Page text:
The opening is a year later than planned because of delays in the restoration process. Residents were given a sneak peek of the work under way at last year's birthday celebration. Waiting a year, however, meant the museum opens for the 90th anniversary of Anthony's lifelong goal — passage of the 19th Amendment that gave women their long-delayed right to vote.
The former home of the Anthony family has been undergoing nearly four years of research and restoration. The 192-year-old house on East Road was built by Anthony's father, Daniel, who operated a store out of the first floor. Anthony was born in the house two years after it was built, likely in the south parlor looking out toward Tophet Brook where her father's textile mill stood.
Anthony and her parents moved from the area when she was a child to upstate New York, where she became a prominent writer and lecturer on abolitionism and women's right to vote. She frequently returned to the Mother Town to visit family until her death in 1906.
The house has been restored to reflect her childhood with exhibits looking at the wide-ranging legacy of Anthony including Quaker life, temperance, opposition to slavery and abortion, women's suffrage, and 19th Amendment, called by some the Susan B. Anthony Amendment.
State Sen. Marian Walsh of Suffolk has been invited to be the guest speaker. She was the first woman from her district elected to both the House of Represenatives and the Senate. She is currently the Senate majority whip and is vice chairman of the Senate Mental Health and Substance Abuse Committee and is a member of the Committees on Community Development and Small Business and on Tourism, Arts and Cultural Development.
Boston Magazine in 2003 named her one of "Boston's 100 Most Powerful Women."
"We are honored to have Senator Walsh address the Susan B. Anthony ribbon-cutting ceremony," said Sally Winn, the museum's executive director. "She embodies the ideals of women in leadership that was Anthony's life's work. Her service with Massachusetts tourism and cultural community is especially relevant to what we are doing with this Berkshire treasure, the childhood home of Anthony, indeed the nation's most famous daughter."
Following the ceremony, a birthday celebration with cake will be held at Memorial Hall in the Adams Free Library. Reservations are required for the party and limited seating is available for the ribbon-cutting ceremony. Contact Mary Lou Beaudin at 413-743-3516 or firstname.lastname@example.org.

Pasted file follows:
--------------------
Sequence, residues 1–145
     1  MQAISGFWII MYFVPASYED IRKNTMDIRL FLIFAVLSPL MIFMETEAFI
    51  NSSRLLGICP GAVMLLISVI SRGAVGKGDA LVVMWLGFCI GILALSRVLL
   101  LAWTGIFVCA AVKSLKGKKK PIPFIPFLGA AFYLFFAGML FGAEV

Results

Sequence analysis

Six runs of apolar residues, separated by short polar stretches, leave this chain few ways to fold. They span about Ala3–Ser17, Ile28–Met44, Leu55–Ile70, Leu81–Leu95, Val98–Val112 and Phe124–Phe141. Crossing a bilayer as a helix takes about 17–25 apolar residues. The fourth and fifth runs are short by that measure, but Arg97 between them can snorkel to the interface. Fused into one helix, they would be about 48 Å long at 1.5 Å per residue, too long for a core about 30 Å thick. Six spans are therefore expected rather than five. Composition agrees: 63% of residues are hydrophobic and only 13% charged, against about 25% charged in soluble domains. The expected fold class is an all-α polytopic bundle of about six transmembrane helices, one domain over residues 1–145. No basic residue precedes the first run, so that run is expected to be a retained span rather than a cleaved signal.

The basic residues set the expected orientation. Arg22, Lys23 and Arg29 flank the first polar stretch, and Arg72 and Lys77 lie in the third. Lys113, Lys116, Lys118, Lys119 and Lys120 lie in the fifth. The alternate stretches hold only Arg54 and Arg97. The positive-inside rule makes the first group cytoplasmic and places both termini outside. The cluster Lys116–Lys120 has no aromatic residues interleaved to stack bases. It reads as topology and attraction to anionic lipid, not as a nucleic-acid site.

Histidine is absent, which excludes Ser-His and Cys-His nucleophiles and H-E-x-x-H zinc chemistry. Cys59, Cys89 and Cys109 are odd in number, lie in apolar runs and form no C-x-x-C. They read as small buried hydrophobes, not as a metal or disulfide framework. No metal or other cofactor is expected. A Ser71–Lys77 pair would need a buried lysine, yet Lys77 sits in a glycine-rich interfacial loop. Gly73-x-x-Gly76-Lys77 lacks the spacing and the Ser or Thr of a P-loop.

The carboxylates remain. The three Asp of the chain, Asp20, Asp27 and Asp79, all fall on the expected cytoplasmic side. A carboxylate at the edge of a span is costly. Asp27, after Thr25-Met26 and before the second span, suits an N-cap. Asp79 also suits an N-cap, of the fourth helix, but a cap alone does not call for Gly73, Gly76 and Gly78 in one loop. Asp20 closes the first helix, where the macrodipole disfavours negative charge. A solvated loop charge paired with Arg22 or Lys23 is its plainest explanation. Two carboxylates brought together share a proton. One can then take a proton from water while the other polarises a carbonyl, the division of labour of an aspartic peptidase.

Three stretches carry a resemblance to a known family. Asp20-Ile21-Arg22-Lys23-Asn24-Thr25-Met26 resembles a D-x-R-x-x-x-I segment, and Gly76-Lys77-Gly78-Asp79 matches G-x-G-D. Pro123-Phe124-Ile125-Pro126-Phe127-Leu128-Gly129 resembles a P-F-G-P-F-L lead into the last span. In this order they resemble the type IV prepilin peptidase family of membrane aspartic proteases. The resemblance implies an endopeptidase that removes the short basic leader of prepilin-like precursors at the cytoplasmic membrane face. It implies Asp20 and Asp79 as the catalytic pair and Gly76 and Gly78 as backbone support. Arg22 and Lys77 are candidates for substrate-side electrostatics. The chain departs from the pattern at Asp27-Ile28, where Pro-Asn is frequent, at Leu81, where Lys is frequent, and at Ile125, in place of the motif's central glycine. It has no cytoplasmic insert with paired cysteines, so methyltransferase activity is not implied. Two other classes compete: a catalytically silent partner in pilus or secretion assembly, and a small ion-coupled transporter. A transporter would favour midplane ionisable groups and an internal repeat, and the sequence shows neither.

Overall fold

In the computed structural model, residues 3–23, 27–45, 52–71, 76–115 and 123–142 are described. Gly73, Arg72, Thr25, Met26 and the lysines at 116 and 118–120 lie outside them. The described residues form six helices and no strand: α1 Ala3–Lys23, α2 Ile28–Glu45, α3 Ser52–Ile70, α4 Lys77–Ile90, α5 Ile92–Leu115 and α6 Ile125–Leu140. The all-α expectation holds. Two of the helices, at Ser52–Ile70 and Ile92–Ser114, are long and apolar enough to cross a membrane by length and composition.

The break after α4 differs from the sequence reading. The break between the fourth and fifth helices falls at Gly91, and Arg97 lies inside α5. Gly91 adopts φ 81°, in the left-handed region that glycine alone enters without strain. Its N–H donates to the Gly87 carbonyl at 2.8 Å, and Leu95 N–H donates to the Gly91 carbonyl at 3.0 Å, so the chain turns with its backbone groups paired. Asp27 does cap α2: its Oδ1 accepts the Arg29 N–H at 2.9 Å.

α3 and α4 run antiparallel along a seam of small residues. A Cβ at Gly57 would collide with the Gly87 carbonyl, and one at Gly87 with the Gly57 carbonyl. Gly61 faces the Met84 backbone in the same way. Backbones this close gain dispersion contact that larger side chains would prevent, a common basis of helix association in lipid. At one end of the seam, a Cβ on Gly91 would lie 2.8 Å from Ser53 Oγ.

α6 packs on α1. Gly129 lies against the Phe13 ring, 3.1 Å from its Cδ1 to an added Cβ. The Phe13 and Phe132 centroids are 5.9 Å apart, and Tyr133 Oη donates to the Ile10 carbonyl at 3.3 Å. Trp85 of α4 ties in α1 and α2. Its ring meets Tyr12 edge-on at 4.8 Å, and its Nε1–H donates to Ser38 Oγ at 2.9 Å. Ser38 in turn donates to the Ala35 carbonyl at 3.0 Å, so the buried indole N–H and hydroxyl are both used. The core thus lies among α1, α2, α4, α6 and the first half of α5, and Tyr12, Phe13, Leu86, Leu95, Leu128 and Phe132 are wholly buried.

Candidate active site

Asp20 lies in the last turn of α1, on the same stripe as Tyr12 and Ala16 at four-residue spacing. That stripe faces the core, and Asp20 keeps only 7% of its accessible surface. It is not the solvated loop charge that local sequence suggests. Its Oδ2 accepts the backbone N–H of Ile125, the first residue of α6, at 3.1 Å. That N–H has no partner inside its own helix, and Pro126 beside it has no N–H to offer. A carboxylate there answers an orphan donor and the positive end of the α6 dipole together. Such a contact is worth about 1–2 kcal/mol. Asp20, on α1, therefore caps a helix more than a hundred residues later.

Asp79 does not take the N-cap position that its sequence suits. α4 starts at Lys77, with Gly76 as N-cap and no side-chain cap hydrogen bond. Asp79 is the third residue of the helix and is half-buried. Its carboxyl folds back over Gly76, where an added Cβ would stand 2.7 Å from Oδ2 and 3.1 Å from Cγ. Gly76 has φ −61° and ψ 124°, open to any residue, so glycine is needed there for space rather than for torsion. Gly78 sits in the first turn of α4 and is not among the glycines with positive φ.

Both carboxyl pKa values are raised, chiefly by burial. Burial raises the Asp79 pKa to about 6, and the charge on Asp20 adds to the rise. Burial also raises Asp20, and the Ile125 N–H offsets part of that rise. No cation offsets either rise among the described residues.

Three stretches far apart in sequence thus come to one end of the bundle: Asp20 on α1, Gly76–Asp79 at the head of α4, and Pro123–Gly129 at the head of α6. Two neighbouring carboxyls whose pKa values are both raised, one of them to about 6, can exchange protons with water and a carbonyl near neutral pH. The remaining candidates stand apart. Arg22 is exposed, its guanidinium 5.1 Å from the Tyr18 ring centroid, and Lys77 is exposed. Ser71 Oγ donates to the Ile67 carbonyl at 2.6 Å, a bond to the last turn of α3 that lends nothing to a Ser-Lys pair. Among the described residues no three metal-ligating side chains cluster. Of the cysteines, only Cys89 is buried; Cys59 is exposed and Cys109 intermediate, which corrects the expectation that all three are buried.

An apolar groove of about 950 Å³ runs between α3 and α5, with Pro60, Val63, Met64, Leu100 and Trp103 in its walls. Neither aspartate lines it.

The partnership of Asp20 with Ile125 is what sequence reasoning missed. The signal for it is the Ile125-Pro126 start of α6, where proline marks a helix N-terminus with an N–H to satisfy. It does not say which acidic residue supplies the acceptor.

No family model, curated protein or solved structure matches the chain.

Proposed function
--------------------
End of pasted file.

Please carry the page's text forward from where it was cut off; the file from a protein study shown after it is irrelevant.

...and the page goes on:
The museum and gift shop will be open for a free public preview from Monday, Feb. 15, through Sunday, Feb. 21, from 10 to 4.
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I think that it would be appropriate for iBerkshires to do a story reflecting some of the discussion on this site a few months back, when the professional director was replaced with an executive director who's primary qualification for the job was having been a former director of "Feminists for Life". Ms. Crossed, who purchased the site is a leader in the anti-choice movement, and Susan B. Anthony is something of an anti-choice heroine, as of late. It's clear that the S.B.A. birthplace was not intended to be a straightforward historic site, but was intended as a subtle means of promoting the anti-choice agenda. The Transcript runs lots of straight press releases, and although iBerkshires has limited staff, it seems as if this might be an appropriate opportunity for some more in-depth reporting.
Editor: I want to see the exhibit in the museum before writing further on the issue.
That's fair enough, editor. However, I'd hasten to add that even if the content of the SBA birthplace isn't overwhelmingly political, I think that could work in favor of the founders' and executive director's intent. I'm sure they're intelligent people, and aware enough to understand that berating people with a political agenda is ineffective. Just the fact of having this birthplace, with a director who's experience and connections are in the political (not historic) arena, will make it an effective means of promoting the anti-choice agenda. Would the building have been purchased by Ms. Crossed if Susan B. Anthony wasn't a mascot of the anti-choice movement? Probably not. Would this particular executive director have been chosen? Certainly not.
Sounds like this editor is trying to do their job--view the exhibit before writing the story--kudos for gathering information before casting judgement. Aside from that, the historical record of Anthony's opposition to abortion is indisputable; of course the open question might be if she would still feel the same way today, after going through all the social changes of the 20th century--I don't think anyone can definitively answer that without their own personal prejudice on what is purely speculation anyway.
I find it interesting that NO media is willing to actually DIG into the truth behind these people. You would only need a little sand shovel. Their agenda is so clear that I wonder if the local media is actually afraid to dig. Perhaps positioning fact finders as opposition makes it easier. I hope someone has the integrity to explore the possibility of some truth. This mythological middle is tiring and draining. Give us some freakin truth eh? DIG! a little, please.